Also, it seems that UEFI (and related dual-boot problems) has been around since Windows 7. However, I have never tried dual-booting a Windows 7 machine with Ubuntu—my experiences were all with XP and Vista, and it was all easy. And yes, I also encountered some 7-specific questions along the way.

# 1 Make sure that your LiveCD is 64-bit

There is no such thing as 32-bit UEFI. You will not be able to boot your machine in UEFI mode from your LiveCD if your LiveCD is  32-bit. While UEFI has support for legacy BIOS (and, from legacy BIOS, allow you to boot from a 32-bit LiveCD) this will result to a rather awkward and possibly-dangerous dual-boot set-up: you’d need to switch your BIOS mode from UEFI to legacy and back, depending on the OS you want to load.

(Blooper disclosure: I almost bricked my BIOS trying to boot from a 32-bit installer in UEFI mode: I ended up installing rEFInd through Windows and renaming stuff from my EFI System Partition, and got all sorts of weird and horrifying errors. The thing is, I just got the installer from one of our sysads at work and have used it previously to dual-boot an old 64-bit machine running XP. I’m glad I realized my mistake early.)

How do you determine then the bitness of your LiveCD installer?

At the root of your LiveCD, there is a file named README.diskdefines. Open that file (right-click->Open with->Notepad, or any other plain text editor). If you are looking at a 32-bit installer, that file will read like this (notice the ARCH variables):

#define DISKNAME Ubuntu 12.04 LTS "Precise Pangolin" - Release i386 #define TYPE binary #define TYPEbinary 1 #define ARCH i386 #define ARCHi386 1 #define DISKNUM 1 #define DISKNUM1 1 #define TOTALNUM 0 #define TOTALNUM0 1

On the other hand, if on a 64-bit installer, you’ll get:

#define DISKNAME Ubuntu 12.04.1 LTS "Precise Pangolin" - Release amd64 #define TYPE binary #define TYPEbinary 1 #define ARCH amd64 #define ARCHamd64 1 #define DISKNUM 1 #define DISKNUM1 1 #define TOTALNUM 0 #define TOTALNUM0 1

Also, the 64-bit version will have a directory named “efi” at the root. If you are seeing a 64-bit README.diskdefines and no “efi” directory, there is something wrong with your installer.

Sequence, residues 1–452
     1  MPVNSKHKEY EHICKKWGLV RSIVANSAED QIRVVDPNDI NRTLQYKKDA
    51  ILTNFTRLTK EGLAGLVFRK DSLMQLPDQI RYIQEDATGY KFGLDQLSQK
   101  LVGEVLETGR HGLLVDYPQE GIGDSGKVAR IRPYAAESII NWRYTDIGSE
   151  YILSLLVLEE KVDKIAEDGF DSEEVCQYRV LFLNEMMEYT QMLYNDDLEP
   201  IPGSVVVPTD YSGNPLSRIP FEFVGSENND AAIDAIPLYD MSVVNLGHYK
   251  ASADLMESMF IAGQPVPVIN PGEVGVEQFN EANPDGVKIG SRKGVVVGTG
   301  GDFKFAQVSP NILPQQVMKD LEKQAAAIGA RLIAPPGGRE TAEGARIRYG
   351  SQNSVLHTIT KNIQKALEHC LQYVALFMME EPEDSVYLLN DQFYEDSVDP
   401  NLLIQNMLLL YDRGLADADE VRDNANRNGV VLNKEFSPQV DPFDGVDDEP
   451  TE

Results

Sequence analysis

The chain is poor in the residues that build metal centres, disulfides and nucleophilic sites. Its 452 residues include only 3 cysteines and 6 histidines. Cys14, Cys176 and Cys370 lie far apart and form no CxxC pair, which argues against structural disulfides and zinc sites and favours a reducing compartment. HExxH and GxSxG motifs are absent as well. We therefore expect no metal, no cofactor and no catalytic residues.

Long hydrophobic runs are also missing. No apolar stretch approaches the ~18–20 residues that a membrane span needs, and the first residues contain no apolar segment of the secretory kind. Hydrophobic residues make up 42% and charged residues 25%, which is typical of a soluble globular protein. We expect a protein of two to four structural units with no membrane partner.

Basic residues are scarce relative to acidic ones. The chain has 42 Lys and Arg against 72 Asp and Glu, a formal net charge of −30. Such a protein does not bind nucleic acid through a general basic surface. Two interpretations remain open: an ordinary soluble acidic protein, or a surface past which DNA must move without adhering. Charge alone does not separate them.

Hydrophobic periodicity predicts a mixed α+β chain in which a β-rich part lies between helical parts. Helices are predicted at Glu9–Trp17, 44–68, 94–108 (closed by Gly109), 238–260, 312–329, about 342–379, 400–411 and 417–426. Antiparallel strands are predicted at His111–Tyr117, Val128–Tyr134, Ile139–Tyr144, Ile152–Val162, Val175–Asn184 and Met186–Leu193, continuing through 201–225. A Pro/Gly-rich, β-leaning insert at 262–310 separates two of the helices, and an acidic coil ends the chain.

# 2 Get comfortable tweaking your BIOS

Warning: This can be dangerous! Proceed with a well-rested mind.

As you may have guessed earlier, there will be a lot of BIOS dealings involved here. To get to the BIOS set-up, press F2 while your machine boots.1

You need to be comfortable with two things: changing your boot order and adding .efis to the white list (“trusted”) of your machine. The first one is pretty basic but the second one has bit more technical details involved.

(For the first one, aside from being pretty basic, it is oftentimes unnecessary. You just need to make sure that your computer considers the HDD/Windows bootloader later than your optical drive and USB drive for bootable media. This is often the case. ACER ASPIRE-471G USERS, I must note that I was a bit surprised to find out that on this machine, this is not the case.)

White listing .efis involves setting a password and navigating your EFI System Partition (ESP) as well as other possibly-bootable media (like your LiveCD). Just remember two things here:

• If you mess-up your system and suddenly can’t boot Windows, the .efis which Windows uses are at EFI/Microsoft/Boot and EFI/Boot, not case-sensitive, AFAIK. Might be worthwhile re-white listing the .efis inside these two.
• If, after setting your boot order, you still can’t boot from your LiveCD installer, you need to white list the LiveCD efi, efi/boot/bootx64.efi

# 3 Installing Ubuntu